Saturday, 16 January, 2021

Coronavirus: Italy in ‘massive shock therapy’ pledge to offset virus impact

Image copyright
Getty Images

Image caption

Many streets in Venice were virtually deserted over the weekend

Italy’s government has pledged to further increase spending in a “massive shock therapy” to offset the economic impact of the coronavirus outbreak.

The country is struggling to adapt to the most restrictive measures since World War Two, introduced on Sunday.

Up to 16 million people in northern Italy now need permission to travel under quarantine rules.

With 366 deaths now confirmed, Italy is the worst-hit country in the world after China.

All of Italy’s 20 regions have confirmed cases, and the total number of infections now stands at 6,387.

How is the government responding?

On Monday, Prime Minister Giuseppe Conte said the government would pump more money to mitigate the impact of the outbreak.

He also said Italy would overcome the virus if people followed the rules, adding that the sacrifices required were for the good of all.

Media playback is unsupported on your device

Media captionMilan quarantine resident: “It’s really important to be responsible in this moment”

Separately, Economy Minister Roberto Gualtieri said: “The government will spare no effort to ensure that a package of measures is agreed at the EU level in co-ordination with the whole international community.”

On Monday morning, the main share index in Milan, the industrial powerhouse at the heart of the worst-affected area, opened down more than 8%.

What are the restrictive measures?

The strict new quarantine measures would last until 3 April, the government said.

They affect a quarter of the Italian population, and centre on the rich northern part of the country that powers its economy.

The restrictions apply to the region of Lombardy and 14 other provinces: Modena, Parma, Piacenza, Reggio Emilia, Rimini, Pesaro and Urbino, Alessandria, Asti, Novara, Verbano Cusio Ossola, Vercelli, Padua, Treviso and Venice.

The UK Foreign Office advises against all but essential travel to these areas.

All schools and universities in the area are shut, as well as museums, cinemas and swimming pools.

The government says only those with a serious work or family reason that cannot be postponed will be allowed in or out of the quarantine zone.

Passengers departing on flights, except temporary visitors, will have to justify themselves, as will all those arriving by plane.

There are controls at train stations to check temperatures.

Cruise ships are forbidden to dock in Venice.

The health system is under immense strain in Lombardy, a northern region of 10 million people where Milan is the main city. People are being treated in hospital corridors in the region.

World Health Organization (WHO) chief Tedros Adhanom Ghebreyesus has praised Italy for making “genuine sacrifices”.

Until Sunday only about 50,000 people in northern Italy had been affected by quarantines.

On Sunday, we drove up to the edge of the exclusion zone. We were expecting to see roadblocks or controls in place and we didn’t see anything at all.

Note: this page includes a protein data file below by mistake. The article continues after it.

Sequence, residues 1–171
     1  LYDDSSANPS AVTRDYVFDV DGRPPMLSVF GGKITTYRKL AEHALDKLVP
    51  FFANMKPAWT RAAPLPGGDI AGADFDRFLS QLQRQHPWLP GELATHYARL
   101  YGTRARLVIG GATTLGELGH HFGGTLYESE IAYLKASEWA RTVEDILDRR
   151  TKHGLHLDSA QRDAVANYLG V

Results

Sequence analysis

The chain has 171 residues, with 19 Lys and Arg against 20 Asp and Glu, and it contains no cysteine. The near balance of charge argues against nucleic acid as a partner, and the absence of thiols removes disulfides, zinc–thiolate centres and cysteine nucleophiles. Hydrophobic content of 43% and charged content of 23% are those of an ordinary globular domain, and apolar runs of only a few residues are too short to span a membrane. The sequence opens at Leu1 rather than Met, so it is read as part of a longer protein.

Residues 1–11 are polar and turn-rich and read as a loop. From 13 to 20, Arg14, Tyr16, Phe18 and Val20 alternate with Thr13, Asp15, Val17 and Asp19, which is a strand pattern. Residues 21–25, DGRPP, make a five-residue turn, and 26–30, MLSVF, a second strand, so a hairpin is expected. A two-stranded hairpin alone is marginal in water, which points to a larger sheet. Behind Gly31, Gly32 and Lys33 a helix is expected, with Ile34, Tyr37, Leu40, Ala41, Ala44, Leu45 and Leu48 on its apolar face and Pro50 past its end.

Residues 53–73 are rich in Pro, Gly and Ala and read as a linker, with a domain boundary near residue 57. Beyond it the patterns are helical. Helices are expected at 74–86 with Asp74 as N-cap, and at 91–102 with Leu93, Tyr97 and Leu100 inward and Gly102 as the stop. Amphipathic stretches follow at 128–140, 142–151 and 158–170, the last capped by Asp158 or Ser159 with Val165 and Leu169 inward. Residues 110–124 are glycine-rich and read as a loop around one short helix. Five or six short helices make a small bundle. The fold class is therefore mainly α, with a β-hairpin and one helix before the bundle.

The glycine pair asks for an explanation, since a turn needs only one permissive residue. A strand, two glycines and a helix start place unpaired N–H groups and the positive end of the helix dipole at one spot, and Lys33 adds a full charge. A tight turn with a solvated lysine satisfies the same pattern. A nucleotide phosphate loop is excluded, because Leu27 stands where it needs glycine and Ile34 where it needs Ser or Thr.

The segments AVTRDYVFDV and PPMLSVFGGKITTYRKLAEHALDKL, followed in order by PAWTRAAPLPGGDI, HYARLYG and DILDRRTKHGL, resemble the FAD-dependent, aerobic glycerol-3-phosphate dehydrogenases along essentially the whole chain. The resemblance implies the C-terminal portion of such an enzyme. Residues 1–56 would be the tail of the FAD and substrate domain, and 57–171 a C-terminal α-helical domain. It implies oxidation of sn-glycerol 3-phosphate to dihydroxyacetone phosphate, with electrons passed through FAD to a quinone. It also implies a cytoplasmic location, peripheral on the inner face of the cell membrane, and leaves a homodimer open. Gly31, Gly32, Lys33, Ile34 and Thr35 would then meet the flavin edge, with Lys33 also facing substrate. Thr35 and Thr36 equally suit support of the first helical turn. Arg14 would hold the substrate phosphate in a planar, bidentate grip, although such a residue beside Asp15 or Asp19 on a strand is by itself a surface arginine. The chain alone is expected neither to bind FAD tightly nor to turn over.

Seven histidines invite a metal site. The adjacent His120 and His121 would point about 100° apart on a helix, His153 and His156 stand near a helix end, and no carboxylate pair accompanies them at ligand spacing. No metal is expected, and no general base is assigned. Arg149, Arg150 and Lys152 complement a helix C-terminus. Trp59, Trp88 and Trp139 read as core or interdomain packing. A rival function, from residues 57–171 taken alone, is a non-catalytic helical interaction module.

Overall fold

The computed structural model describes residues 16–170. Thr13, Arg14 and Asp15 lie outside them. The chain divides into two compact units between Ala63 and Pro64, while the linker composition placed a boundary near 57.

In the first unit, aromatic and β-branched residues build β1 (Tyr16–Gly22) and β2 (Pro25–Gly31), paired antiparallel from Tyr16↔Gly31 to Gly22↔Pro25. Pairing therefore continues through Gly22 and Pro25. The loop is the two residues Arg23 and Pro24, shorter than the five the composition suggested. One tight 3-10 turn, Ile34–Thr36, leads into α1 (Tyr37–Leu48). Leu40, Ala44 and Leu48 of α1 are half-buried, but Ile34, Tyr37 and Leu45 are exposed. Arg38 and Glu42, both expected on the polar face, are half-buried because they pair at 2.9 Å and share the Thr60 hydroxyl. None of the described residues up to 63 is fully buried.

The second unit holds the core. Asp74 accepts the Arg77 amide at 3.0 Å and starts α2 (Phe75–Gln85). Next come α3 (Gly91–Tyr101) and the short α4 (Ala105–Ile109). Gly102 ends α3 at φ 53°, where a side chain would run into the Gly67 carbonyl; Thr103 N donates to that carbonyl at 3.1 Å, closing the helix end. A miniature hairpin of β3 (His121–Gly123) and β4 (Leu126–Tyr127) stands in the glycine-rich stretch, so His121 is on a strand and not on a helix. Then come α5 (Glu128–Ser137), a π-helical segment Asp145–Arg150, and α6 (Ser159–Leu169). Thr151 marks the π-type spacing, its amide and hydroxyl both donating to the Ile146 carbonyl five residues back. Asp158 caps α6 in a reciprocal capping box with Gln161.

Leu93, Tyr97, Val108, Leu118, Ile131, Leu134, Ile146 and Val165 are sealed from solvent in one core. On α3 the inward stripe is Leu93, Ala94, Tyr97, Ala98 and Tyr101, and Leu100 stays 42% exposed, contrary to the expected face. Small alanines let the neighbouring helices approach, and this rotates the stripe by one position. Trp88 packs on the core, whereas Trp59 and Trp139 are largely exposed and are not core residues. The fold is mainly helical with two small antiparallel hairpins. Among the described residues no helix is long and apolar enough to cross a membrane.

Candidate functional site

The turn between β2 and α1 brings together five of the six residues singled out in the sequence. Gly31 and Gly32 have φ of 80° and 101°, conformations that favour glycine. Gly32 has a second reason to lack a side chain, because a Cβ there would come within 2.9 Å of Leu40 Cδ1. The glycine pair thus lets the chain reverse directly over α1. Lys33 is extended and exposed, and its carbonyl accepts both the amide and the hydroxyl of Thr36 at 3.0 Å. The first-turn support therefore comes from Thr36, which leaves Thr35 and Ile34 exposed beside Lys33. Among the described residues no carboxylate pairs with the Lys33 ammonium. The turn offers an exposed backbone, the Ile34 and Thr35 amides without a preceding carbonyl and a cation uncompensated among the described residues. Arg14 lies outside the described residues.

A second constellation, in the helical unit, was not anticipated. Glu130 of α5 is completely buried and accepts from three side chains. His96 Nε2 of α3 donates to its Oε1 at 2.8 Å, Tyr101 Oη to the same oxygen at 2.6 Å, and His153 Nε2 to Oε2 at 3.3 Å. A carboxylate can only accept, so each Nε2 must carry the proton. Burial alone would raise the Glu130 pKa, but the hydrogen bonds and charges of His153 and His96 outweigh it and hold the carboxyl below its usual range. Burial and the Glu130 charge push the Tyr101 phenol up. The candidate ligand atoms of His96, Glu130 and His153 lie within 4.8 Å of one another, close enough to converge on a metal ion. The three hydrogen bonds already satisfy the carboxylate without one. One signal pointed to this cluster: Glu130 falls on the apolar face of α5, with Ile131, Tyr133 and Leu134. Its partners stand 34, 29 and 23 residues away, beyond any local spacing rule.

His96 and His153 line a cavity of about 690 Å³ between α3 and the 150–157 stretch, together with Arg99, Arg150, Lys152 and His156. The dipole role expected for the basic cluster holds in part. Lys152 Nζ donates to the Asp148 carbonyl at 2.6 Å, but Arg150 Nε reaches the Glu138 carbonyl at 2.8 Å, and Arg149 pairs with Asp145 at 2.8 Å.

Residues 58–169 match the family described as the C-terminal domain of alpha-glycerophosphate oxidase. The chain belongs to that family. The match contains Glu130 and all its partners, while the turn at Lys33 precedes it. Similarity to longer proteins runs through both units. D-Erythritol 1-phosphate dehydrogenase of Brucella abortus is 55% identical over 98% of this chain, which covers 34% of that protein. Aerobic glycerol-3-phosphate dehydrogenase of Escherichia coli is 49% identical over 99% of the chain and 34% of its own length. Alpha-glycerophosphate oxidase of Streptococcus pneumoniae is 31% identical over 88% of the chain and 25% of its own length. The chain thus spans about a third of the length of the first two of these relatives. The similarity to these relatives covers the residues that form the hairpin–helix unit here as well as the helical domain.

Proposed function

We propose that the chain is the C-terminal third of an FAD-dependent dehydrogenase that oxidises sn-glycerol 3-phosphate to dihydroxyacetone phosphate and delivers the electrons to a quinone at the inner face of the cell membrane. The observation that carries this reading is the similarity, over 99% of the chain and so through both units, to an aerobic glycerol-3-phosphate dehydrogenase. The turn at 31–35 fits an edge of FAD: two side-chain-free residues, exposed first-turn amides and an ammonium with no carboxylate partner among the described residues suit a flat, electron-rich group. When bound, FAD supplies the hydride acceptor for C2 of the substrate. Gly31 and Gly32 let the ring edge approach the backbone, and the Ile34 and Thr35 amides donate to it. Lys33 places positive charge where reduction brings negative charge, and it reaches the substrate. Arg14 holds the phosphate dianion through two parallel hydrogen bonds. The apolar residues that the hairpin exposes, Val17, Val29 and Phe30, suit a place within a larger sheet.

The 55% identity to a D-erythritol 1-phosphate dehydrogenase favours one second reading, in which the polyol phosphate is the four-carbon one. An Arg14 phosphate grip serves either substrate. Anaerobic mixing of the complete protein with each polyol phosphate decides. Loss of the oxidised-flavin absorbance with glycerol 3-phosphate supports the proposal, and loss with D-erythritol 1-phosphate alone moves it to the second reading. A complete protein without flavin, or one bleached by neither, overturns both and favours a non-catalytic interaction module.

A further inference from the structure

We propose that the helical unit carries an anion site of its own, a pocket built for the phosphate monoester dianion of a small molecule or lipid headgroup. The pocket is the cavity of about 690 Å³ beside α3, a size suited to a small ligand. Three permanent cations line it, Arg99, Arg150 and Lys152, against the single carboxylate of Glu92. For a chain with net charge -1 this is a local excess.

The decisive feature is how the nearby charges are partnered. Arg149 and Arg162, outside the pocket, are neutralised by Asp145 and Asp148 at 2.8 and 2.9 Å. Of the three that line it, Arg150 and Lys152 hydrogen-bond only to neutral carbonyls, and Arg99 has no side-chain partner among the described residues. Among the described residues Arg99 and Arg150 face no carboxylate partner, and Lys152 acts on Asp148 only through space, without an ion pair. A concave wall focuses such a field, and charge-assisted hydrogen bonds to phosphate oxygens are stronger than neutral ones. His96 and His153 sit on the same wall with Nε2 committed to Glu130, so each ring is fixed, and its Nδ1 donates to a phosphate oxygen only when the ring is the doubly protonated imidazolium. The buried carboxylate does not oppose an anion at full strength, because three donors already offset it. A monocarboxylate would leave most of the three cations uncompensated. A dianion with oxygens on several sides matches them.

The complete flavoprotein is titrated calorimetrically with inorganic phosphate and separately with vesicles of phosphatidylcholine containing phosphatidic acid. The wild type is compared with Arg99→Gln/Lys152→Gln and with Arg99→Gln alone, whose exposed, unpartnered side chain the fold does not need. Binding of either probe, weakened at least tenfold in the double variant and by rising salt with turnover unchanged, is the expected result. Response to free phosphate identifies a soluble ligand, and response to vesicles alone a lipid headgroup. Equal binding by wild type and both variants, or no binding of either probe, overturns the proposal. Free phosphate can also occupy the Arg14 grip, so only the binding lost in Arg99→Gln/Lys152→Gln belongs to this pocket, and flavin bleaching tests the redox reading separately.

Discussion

Cars were going in both directions. It seemed as though the control of this restricted zone was quite loose, and that was a bit difficult to understand.

Is this simply too big an area to control and close off in the heart of Europe, or are the restrictions gradually coming into place?

Image copyright

We’ve seen pictures from inside the restricted cities, and the streets are very deserted, but we’re not seeing police checkpoints as such.

But perhaps this is going to be stepped up in the coming days because there are even penalties of three months in prison or a fine of €206 (£179; $235) for breaking the rules.

The real fear is that, in the hours between the quarantine being announced and it coming into effect, people have gone from more infected areas in the north down south.

There are healthcare facilities in southern Italy, far less developed than those here in the north, that are going to seriously struggle.

What is the situation elsewhere?

The number of infections worldwide is more than 107,000, with about 3,600 deaths.

On Monday, China, which has recorded the highest number of fatalities, reported no new locally transmitted infection outside of Hubei province, where the outbreak began, for the second consecutive day.

Although this indicates that the spread there is slowing, senior officials warned against reducing vigilance.

In South Korea officials reported the lowest number of new cases in two weeks.

Iran, one of the worst hotspots outside China, has now confirmed 6,566 infections and 194 deaths.

However, the real figure is feared to be much higher. One report on Sunday, quoting a government envoy, said there had been 200 deaths in the northern Gilan province alone – but the figures were later removed.

Media playback is unsupported on your device

Media captionPope Francis on videolink address: “The Pope is caged in the library”

In France, the virus is spreading among MPs. Two more members of the National Assembly have tested positive, officials said late on Sunday.

In total four deputies have been infected. Also on Sunday France reported 1,126 cases, a 19% increase in a day and the second largest number of infections in Europe after Italy.

The French government has banned gatherings of more than 1,000 people.

Have you or someone you know been affected by coronavirus? Share your experiences by emailing

Please include a contact number if you are willing to speak to a BBC journalist. You can also contact us in the following ways:

Source link